Art Works

New group of artists-in-residence are picked to live and work at this Utah national park

The four artists will be showcasing their work in June, July, September and October at Capitol Reef.

(Danny Chan La/The Salt Lake Tribune via AP, File) This undated photo shows Hickman Arch at Capitol Reef near Torrey, Utah. Capitol Reef National Park has announced its 2021 Artists in Residence program, which pays living expenses for artists to live, work and practice their crafts amid the park’s spectacular landscapes.

St. George • A painter, a printmaker, a photographer and a writer walk into a national park — for their artist residency, of course.

Capitol Reef National Park announced the 2021 Artists-in-Residence on Tuesday, marking the fifth year of the program, the Spectrum reported.

The four artists — David Hunter, Maureen Moll, Rick Young and Claire Giordano — will be showcasing their crafts in June,
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Art Hounds: Paintings hearken back to warmer seasons

Art and travel-lover Sue Thompson of La Cucina in Victoria, Minn., returns to the oil paintings of Ashley Dull to enjoy her handling of light on trees. “Her paintings are layered, layered, layered with lots of oil paint and so colorful. The leaves on the ground in her fall colors look as if you could step on the leaves and hear the crunch,” Thompson says.

Thompson particularly loves Dull’s painting “A Path Forward,” where two paths through a sun-lit birch forest come together as one. The painting took Dull 10 years to complete, as she paused after her children were born.

“She’s amazing at capturing the light,” Thompson said.

Vasiliki Papanikolopoulos founded Coimatan to celebrate local independent businesses. At Gallery 360 in Minneapolis, she discovered the mixed media art of Neysa Winterer.

What Papanikolopoulos first thought to be brush strokes in Winterer’s art turned out to be carefully torn

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Harn Museum receives 1,200-piece collection of Florida-centric art

An incoming collection of Florida-centric artwork, including pieces from Winslow Homer, John Singer Sargent and Thomas Moran, will be the largest single art collection donated ever to the University of Florida’s Samuel P. Harn Museum of Art. 

The estimated 1,200 works of art capture the state’s landscape and wildlife, historical moments and people scenes of daily life among oil paintings, watercolors, drawings and prints. The works date from the early 1800s to mid-1900s.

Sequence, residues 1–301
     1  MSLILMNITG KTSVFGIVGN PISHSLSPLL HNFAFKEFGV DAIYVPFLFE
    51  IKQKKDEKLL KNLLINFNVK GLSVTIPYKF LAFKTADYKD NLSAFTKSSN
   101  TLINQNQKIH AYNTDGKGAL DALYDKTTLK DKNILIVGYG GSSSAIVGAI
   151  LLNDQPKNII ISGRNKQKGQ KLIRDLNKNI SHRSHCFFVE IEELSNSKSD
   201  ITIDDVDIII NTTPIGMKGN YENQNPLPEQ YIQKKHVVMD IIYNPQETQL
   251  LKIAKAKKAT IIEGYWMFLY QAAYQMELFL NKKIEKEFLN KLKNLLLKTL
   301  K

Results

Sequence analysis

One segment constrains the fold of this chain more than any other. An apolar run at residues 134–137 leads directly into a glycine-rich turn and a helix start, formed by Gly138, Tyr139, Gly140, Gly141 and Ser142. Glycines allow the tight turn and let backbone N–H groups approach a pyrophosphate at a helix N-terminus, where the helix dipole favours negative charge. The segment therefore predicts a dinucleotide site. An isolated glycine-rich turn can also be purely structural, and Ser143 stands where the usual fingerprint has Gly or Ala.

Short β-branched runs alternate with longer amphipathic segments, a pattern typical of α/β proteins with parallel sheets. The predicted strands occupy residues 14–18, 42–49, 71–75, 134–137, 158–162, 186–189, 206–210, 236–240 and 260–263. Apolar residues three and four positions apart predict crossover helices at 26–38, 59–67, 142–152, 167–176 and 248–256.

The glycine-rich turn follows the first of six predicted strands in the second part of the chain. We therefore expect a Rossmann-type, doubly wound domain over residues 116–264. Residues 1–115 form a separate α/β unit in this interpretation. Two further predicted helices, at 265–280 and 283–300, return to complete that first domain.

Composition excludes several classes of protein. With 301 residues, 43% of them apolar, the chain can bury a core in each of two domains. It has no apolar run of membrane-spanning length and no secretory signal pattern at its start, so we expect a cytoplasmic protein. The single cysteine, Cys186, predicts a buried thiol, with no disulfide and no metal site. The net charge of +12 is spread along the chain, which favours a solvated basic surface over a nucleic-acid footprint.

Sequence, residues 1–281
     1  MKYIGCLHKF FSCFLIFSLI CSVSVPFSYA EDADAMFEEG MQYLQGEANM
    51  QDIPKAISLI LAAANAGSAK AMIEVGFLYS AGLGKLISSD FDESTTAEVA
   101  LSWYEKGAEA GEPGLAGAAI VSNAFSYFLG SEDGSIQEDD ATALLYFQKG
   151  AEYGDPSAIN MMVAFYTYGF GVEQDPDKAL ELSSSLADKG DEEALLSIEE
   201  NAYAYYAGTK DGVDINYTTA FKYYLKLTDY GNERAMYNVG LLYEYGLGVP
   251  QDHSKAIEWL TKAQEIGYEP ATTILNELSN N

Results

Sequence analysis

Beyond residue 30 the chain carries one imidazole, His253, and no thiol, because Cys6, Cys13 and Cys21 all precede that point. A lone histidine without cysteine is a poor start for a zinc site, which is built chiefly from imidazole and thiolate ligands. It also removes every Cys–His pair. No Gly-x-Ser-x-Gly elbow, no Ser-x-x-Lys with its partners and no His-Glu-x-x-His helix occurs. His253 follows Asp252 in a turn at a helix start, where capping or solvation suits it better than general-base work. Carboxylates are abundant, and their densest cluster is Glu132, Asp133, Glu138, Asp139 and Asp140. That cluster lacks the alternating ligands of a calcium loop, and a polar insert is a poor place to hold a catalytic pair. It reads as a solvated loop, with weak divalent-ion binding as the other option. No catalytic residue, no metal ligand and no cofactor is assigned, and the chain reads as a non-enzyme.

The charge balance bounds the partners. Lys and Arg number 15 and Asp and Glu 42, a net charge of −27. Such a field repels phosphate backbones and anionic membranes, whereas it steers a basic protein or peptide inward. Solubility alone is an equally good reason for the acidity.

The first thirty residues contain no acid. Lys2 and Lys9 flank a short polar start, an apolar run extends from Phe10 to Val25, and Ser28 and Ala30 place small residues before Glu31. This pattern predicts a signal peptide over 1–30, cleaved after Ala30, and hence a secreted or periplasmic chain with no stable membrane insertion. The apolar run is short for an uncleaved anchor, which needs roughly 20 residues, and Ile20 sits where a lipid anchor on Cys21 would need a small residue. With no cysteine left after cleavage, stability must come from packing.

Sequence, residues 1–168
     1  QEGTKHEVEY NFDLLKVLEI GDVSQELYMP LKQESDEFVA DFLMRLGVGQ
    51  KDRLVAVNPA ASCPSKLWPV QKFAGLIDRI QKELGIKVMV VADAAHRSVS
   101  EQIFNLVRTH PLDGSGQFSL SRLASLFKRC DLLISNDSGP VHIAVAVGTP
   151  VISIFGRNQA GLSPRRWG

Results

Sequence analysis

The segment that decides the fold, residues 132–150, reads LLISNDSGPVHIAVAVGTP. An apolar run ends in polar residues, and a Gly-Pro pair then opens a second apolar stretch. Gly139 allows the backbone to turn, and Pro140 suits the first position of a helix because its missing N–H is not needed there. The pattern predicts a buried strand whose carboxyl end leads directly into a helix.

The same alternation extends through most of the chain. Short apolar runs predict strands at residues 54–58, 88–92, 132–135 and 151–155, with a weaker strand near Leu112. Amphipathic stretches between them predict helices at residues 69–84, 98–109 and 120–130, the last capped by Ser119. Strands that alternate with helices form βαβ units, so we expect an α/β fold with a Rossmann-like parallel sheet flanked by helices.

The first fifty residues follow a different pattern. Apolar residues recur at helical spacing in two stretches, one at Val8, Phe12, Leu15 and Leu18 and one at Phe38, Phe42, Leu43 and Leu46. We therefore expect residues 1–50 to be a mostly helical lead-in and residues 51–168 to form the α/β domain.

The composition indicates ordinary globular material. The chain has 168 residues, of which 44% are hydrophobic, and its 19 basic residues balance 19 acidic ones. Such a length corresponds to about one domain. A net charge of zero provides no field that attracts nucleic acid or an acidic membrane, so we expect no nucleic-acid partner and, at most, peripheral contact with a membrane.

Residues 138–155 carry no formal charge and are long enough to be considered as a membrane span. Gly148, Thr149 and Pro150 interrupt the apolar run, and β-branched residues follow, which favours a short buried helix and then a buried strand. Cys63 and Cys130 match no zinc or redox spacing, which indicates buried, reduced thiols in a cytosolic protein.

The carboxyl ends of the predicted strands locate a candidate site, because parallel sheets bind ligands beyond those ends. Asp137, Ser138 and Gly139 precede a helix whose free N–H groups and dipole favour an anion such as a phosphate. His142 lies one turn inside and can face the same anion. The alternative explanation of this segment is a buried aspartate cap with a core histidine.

Jacksonville residents Sam and Robbie Vickers donated the works, 40 years after they began assembling their collection. 

Martha Walter (American, 1875-1976) The Venetian Pool, Coral Gables Undated Watercolor on paper, 12 x 15 in. The Florida Art Collection, Gift of Samuel H. and Roberta T. Vickers. [Photograph by Randy Batista]

In the time since they began collecting, they have loaned art from their collection to New York’s Metropolitan Museum of Art and the Whitney Museum of American Art, the National Gallery in Washington, D.C., and other Florida museums. 

Harn Director Lee Anne Chesterfield said she first visited the Vickers to see their collection, well known in Florida art circles, when

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Have You Seen This Art? Austrian Officials Are Searching for 21 Works That a Priest May Have Swiped From a Benedictine Abbey

A benedictine abbey in Kremsmünster, Austria, a town of just over 6,000 people, has been shaken from its relative calm as its clergy deals with an ongoing investigation into a slew of historic missing cultural property.

The theft, which was first made public last May and remains unresolved, reappeared in the headlines last week when the Austria public prosecutor’s office and the federal criminal police office circulated images of 21 pieces from the abbey’s collection that remain missing, including paintings and antiquities.

During a routine inventory check last May, the abbey’s custodian of the collection found that 50 objects had disappeared (three 17th-century firearms and 47 paintings).

According to public prosecutor Andreas Pechatschek, the primary suspect in the case is a former priest at the monastery, who has been under investigation since August 2020. Austrian media reports say he cared for the art collection between 1997 and 2017, but that

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